Abstract Background: Several studies have demonstrated an increased risk of non-AIDS cancers in HIV patients and, for some cancers, also in relatives of HIV patients. We aimed to estimate (1) the risk of anal carcinoma among HIV patients and their parents, and (2) the mortality after a diagnosis of anal carcinoma. Methods: We used Poisson regression to estimate the incidence rate ratios (IRR) of anal carcinoma in (1) a population of HIV patients identified from the Danish HIV Cohort Study (n = 4993) compared with a population control cohort matched on age and gender (n = 59,916) for the period 1995-2009, and (2) parents of HIV patients compared with parents of controls for the period 1978-2009. Cancer diagnoses were identified from The Danish Cancer Registry. We further estimated the mortality rate ratios (MRR) of HIV patients compared with controls after the diagnosis of anal carcinoma. Results: Thirty-six HIV patients versus 8 population controls were diagnosed with anal carcinoma. HIV patients had an increased risk of anal carcinoma (IRR 77.9, 95% CI 36.2-167.7), especially among men who have sex with men (MSM) (IRR 101.4, 95% CI 39.3-261.5). Fathers of HIV patients had an increased risk of anal carcinoma (IRR 7.4, 95% CI 1.4-38.3) compared to fathers of population controls. Mortality after diagnosis of anal carcinoma was increased in male HIV patients compared with the male control cohort (MRR 3.2, 95% CI 1.1-9.2). Conclusions: Danish HIV patients, especially MSM, have a considerably increased risk of anal carcinoma. We cannot exclude that fathers of HIV patients have an increased risk of anal carcinoma.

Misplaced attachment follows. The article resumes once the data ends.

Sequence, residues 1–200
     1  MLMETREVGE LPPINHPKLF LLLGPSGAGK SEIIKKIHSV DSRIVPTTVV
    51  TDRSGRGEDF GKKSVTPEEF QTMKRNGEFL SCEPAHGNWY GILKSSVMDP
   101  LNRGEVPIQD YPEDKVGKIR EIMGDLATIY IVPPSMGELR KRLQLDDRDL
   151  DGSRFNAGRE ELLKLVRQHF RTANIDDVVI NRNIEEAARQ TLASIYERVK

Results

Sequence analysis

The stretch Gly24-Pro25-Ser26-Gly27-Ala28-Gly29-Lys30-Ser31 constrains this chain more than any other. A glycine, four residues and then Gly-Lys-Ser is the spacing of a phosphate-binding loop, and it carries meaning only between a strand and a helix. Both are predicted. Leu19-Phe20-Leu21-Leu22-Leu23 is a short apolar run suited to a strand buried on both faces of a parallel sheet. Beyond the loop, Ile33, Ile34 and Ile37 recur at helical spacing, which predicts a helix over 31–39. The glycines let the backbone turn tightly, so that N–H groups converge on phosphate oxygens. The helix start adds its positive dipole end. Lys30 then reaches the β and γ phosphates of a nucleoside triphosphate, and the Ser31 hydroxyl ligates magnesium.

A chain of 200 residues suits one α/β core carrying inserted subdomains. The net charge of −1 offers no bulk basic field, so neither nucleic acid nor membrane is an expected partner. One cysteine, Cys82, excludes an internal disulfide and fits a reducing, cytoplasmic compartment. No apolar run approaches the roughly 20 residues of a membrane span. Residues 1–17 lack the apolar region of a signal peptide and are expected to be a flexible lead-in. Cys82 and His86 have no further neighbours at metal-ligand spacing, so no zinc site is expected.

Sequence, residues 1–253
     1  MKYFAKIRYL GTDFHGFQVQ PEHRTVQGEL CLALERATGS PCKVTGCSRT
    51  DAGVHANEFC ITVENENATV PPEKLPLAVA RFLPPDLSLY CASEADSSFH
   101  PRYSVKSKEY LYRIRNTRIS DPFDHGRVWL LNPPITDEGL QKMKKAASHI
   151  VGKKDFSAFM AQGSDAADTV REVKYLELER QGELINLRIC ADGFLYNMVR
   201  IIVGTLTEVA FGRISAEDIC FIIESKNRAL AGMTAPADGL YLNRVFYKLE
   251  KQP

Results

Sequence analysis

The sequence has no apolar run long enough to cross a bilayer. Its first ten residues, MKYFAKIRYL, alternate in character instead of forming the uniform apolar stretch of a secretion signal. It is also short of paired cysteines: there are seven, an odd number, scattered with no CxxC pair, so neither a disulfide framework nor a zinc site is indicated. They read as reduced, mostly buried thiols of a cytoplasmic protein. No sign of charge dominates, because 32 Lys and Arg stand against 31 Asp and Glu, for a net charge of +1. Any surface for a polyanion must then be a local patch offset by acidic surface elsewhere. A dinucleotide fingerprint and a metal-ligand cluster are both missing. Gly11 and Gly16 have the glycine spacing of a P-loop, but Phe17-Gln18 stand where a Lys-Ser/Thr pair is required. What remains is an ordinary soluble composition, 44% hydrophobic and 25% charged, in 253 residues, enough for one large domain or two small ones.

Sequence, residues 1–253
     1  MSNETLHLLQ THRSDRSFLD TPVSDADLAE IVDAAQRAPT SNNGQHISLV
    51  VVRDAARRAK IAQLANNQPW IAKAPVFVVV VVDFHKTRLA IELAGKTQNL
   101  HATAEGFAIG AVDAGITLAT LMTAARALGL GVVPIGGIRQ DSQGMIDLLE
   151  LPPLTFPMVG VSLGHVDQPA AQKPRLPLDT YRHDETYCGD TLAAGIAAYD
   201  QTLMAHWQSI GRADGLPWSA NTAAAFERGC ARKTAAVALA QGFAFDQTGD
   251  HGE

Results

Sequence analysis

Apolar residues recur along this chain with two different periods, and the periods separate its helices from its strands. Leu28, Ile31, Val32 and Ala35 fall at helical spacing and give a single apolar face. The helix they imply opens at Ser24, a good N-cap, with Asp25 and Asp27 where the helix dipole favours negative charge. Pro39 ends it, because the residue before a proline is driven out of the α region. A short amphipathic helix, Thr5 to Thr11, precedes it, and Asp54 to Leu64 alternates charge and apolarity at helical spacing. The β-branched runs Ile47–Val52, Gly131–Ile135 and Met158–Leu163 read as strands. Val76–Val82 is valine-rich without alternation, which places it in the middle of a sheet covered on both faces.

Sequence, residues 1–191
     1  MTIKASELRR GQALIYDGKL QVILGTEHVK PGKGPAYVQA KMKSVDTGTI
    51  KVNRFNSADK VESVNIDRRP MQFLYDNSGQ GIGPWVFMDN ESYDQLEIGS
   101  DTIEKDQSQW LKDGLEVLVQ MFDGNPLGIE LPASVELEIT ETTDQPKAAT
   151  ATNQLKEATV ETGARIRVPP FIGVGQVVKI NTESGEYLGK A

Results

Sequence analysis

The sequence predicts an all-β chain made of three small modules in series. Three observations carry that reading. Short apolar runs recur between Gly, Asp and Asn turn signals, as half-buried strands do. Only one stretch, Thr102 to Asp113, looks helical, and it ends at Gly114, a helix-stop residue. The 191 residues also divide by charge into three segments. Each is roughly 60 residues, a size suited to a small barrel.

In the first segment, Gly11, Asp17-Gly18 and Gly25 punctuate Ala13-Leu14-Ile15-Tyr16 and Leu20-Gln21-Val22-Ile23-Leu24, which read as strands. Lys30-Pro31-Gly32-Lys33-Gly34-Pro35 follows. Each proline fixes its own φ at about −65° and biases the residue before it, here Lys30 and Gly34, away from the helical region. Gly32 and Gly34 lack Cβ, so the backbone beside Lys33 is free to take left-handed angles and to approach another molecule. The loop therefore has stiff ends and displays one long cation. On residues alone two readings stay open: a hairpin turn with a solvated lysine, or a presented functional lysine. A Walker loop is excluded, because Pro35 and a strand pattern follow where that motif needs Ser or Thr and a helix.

Scandinavian Journal of Infectious Diseases, 2013, Vol 45, Issue 6, p. 453-9